DUBLIN (Reuters) - Irish cider maker C&C (GCC.I) bought the wholesale arm of troubled British drinks firm Conviviality (CVRC.L) for a nominal fee on Wednesday, safeguarding most of the jobs threatened by the parent company’s expected collapse.
Britain’s largest franchised off-licence and convenience chain, which also operates more than 700 stores under the Bargain Booze and Wine Rack brands, said on March 29 it was likely to collapse into administration within two weeks, putting some 2,600 jobs at risk.
The group hit trouble last month when it failed to allow for a 30 million pounds ($42 million) tax bill in its cash flow forecast, and has since failed to raise 125 million pounds in an emergency cash call.
C&C, whose shares had jumped 9 percent to 2.87 euros in late trade, said it had bought Conviviality’s wholesale arm Matthew Clark and its wine, spirits and craft beer distributor Bibendum, as well as four smaller businesses belonging to the two.
Davy Stockbrokers said the deal would be transformational for C&C’s UK platform. “While not without risk - maintaining supplier and customer relationships will be key - we believe the transaction makes economic and strategic sense and will help reshape the equity narrative,” Davy analysts wrote in a note.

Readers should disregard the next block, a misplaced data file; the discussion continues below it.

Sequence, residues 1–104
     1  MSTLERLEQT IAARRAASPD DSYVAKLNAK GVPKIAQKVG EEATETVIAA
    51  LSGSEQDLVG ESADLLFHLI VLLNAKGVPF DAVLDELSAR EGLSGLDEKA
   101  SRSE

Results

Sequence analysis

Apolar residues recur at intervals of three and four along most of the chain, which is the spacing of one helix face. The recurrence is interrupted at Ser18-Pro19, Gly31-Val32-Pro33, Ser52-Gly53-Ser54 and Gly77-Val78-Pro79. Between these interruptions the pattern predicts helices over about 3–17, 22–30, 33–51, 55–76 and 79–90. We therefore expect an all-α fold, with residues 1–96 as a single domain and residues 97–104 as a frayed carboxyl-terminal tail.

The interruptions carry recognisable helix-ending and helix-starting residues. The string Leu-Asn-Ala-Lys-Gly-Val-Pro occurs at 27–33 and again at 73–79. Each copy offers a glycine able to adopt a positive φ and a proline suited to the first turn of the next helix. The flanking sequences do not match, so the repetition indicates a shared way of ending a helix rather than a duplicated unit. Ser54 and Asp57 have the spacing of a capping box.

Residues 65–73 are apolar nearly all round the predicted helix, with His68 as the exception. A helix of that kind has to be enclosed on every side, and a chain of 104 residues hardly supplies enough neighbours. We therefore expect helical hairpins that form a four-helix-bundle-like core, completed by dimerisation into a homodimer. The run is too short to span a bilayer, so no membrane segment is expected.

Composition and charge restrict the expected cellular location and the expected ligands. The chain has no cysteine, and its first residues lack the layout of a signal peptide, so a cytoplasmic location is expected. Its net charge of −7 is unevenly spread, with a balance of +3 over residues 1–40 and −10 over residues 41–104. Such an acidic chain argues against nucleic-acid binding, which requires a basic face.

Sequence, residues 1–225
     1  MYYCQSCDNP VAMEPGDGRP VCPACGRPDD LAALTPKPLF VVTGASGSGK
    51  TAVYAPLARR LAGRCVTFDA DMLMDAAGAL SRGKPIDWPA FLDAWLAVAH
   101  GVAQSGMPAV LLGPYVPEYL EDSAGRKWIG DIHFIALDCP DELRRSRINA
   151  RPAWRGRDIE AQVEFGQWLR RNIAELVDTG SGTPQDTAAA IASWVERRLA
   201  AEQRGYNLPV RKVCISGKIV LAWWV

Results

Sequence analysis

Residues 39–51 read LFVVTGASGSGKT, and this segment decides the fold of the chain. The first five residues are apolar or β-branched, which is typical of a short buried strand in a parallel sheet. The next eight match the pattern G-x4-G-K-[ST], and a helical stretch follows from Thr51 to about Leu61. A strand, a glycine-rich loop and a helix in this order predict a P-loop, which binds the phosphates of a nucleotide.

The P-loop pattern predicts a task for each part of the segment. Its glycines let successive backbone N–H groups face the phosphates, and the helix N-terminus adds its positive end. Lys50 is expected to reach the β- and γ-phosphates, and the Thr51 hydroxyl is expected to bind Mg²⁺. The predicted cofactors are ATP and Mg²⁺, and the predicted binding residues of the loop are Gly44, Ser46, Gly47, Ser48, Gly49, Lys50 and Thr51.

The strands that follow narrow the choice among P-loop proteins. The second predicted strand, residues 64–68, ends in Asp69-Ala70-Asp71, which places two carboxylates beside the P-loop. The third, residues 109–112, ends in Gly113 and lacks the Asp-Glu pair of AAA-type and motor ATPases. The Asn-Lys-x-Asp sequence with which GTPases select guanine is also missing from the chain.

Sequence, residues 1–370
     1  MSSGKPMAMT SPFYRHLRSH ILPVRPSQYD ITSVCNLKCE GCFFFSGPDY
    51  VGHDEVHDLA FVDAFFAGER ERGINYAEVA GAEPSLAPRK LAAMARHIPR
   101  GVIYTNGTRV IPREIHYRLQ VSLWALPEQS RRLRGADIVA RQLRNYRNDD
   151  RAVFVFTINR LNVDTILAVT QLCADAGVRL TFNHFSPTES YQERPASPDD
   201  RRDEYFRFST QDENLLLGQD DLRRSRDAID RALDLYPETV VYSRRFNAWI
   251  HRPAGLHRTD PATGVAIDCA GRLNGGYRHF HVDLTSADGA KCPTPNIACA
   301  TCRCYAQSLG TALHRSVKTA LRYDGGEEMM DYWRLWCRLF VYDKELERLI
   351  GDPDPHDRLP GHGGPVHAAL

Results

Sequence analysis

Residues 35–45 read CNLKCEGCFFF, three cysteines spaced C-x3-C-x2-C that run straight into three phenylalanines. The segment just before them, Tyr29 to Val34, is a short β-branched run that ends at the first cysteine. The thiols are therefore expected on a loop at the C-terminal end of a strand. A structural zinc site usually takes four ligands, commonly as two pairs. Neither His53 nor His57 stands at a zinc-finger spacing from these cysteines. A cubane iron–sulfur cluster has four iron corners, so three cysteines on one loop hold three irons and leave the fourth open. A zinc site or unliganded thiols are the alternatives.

Around 2,000 staff will join C&C as a result of the deal, a spokesman for the Irish maker of Magners, Bulmers and Tennents said.
Matthew Clark, the largest independent distributor to the UK on-trade drinks sector, which Conviviality bought for 200 million pounds less than three years ago, employees 1,400 people, according to its website.
C&C said it would provide funds from its existing facilities to support the working capital and other cash requirements of the businesses, which had gross revenue of 1.2 million pounds in the 12 months to the end of April 2017.
Anheuser-Busch InBev (ABI.BR), the world’s biggest brewer, will provide additional financial support to the transaction, C&C said.
($1 = 0.7102 pounds)
Reporting by Padraic Halpin; Editing by David Holmes